Jul 19, 2020, 4:00 PM

Hunger increases across world: FAO

Hunger increases across world: FAO

TEHRAN, Jul. 19 (MNA) – The United Nations agencies say that the world is not on track to achieve Zero Hunger, warning if recent trends continue, the number of people affected by hunger will surpass 840 million by 2030.

A new report jointly prepared by FAO, IFAD, UNICEF, WFP and WHO shows that currently around 690 million people or 8.9 percent of the world population are hungry. Compared to the previous figures, this number is up by 10 million people in one year and by nearly 60 million in five years. 

“The State of Food Security and Nutrition in the World 2020” also indicates that the number of people affected by severe food insecurity has experienced a similar upward trend over the last five years. In 2019, close to 750 million—or nearly one in ten people in the world—were exposed to severe levels of food insecurity.

The figures reveal that about 2 billion people in the world did not have regular access to safe, nutritious and sufficient food in 2019.

COVID-19 and Hunger

Considering the widespread impacts of COVID-19 pandemic, it is estimated that the pandemic may add between 83 and 132 million people to the total number of undernourished in the world in 2020 depending on the economic growth scenario.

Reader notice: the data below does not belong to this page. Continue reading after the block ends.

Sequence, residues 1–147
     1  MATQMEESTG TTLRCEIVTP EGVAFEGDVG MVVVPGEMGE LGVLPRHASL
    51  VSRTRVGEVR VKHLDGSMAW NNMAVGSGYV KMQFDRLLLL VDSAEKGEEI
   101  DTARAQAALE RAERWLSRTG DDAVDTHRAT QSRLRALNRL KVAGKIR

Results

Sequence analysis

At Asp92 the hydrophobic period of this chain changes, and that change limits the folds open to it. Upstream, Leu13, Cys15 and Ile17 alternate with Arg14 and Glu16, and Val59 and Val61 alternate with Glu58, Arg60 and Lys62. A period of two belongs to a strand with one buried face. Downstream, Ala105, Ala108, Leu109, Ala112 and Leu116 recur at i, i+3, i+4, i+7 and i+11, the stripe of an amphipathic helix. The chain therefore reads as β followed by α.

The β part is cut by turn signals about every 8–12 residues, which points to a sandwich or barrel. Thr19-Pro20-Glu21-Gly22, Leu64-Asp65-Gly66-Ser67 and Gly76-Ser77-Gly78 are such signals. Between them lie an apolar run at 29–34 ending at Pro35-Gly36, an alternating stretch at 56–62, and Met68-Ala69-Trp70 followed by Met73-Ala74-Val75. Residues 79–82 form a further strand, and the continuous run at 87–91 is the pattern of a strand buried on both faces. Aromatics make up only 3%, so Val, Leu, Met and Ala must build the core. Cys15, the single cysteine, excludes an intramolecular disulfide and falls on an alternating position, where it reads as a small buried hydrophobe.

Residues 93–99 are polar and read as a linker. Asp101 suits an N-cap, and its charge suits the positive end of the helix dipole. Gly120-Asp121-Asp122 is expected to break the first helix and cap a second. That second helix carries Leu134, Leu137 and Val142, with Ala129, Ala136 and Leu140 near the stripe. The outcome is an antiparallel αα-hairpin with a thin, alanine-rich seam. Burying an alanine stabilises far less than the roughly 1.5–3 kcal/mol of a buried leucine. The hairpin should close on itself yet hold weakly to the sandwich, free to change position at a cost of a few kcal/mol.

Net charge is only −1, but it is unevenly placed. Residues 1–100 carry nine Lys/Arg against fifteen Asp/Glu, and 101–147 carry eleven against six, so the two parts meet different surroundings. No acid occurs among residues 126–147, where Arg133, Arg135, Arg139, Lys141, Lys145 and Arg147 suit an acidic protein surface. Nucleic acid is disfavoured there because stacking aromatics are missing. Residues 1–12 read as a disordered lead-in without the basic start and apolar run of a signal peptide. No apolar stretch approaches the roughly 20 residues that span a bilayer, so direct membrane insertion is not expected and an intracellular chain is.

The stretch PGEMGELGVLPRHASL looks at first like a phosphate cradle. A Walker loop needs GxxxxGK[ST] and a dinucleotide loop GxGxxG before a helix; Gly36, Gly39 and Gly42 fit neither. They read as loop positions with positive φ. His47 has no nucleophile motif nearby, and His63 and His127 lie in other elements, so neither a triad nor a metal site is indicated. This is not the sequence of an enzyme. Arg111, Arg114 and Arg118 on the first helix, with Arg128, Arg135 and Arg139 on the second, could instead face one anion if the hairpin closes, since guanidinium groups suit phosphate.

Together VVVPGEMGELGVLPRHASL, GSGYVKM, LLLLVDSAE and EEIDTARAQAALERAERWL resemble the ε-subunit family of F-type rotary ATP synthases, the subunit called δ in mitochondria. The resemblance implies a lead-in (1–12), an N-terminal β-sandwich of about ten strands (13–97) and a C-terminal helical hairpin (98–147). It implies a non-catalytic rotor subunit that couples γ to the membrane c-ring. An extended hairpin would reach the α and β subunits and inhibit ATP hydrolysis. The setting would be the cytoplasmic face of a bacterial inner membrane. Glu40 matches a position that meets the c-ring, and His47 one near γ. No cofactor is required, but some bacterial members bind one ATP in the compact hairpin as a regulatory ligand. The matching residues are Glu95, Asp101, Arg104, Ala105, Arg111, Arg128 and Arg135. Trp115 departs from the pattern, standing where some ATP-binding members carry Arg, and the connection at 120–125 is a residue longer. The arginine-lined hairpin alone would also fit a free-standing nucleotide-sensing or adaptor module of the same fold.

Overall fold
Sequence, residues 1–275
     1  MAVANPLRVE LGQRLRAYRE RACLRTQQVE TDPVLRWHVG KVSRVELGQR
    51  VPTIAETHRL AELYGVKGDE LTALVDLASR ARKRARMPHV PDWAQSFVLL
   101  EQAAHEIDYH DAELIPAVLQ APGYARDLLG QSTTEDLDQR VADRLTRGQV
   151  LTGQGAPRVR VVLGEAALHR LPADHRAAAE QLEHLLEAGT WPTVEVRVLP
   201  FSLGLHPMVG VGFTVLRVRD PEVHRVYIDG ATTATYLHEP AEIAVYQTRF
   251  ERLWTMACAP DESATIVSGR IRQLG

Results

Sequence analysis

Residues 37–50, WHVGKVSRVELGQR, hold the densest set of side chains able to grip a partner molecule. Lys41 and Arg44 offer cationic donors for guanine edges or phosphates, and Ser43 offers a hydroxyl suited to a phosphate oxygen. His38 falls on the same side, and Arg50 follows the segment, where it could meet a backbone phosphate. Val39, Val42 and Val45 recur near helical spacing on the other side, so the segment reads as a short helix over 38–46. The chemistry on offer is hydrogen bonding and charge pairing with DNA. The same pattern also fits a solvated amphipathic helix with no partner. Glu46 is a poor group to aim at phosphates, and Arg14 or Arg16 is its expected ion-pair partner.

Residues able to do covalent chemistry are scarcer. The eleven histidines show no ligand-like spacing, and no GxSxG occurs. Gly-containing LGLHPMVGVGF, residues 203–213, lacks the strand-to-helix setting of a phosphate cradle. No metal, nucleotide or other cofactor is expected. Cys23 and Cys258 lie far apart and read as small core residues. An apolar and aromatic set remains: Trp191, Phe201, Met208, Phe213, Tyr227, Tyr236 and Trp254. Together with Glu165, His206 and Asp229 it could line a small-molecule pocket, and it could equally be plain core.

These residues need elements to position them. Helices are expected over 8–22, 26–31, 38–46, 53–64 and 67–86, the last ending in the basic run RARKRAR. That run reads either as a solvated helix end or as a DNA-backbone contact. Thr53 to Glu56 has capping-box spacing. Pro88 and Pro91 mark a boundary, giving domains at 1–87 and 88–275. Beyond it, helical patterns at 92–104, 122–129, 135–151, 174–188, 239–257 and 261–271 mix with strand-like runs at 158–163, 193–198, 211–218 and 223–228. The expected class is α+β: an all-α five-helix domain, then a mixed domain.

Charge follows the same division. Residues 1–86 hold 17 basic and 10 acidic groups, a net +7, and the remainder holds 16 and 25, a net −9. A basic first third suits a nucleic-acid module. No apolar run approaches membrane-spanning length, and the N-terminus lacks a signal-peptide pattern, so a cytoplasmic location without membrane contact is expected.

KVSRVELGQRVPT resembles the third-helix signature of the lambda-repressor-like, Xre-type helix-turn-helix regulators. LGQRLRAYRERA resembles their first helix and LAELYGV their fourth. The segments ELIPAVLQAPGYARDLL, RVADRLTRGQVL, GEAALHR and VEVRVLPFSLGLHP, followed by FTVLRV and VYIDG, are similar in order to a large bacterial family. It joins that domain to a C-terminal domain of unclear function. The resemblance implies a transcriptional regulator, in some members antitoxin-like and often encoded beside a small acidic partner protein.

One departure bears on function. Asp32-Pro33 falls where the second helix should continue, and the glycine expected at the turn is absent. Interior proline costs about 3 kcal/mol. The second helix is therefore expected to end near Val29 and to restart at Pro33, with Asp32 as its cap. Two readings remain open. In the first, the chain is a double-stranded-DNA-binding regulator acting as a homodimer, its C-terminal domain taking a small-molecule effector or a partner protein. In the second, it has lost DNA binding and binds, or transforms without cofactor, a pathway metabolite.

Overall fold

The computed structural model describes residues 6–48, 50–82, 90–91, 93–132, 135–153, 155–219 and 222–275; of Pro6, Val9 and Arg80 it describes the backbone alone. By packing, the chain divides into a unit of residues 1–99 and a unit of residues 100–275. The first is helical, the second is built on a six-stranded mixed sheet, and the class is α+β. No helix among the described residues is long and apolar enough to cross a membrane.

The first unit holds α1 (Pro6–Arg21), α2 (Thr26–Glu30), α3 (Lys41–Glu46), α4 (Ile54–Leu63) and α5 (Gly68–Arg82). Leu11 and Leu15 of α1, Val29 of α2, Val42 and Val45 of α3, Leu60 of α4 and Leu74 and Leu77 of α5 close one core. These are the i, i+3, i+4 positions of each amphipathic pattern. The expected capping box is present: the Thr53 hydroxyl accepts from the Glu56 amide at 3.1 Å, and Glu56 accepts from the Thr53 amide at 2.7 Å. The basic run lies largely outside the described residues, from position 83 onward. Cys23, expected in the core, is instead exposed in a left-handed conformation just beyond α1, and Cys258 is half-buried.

Also, the nutritional status of the most vulnerable population groups is likely to deteriorate further due to the health and socio-economic impacts of COVID-19.

Children and Malnutrition

While the burden of malnutrition in all its forms remains a challenge for the world, current estimates reveal that in 2019, 21.3 percent (144 million) of children under 5 years of age were stunted, 6.9 percent (47 million) wasted and 5.6 percent (38.3 million) overweight.

Healthy Diet 

The report states that healthy diets are unaffordable to many people, especially the poor, in every region of the world. The most conservative estimate shows they are unaffordable for more than 3 billion people in the world. Healthy diets are estimated to be, on average, five times more expensive than diets that meet only dietary energy needs through a starchy staple.

Diet, Health and Climate Change

Under current food consumption patterns, diet-related health costs linked to mortality and non-communicable diseases are projected to exceed USD 1.3 trillion per year by 2030.

On the other hand, the diet-related social cost of greenhouse gas emissions associated with current dietary patterns is estimated to be more than USD 1.7 trillion per year by 2030.

Policies and Measures for Affordable Healthy Diet 

The United Nations agencies call on countries to rebalance their agricultural policies and incentives towards more nutrition-sensitive investment and policy actions all along the food supply chain to reduce food losses and enhance efficiencies at all stages. 

Nutrition-sensitive social protection policies are also central for the countries to increase the purchasing power and affordability of healthy diets of the most vulnerable populations. 

Iran’s Situation

According to the report, Iran experienced a relative reduction in the prevalence of undernourishment in its total population, dropping from 5.2 percent in the period of 2004-2006 to 4.7 percent in period of 2017-2019. However, despite this improvement, the net number of people experiencing undernourishment increased from 3.6 to 3.9 million.

To access the complete report click here.


News ID 161151


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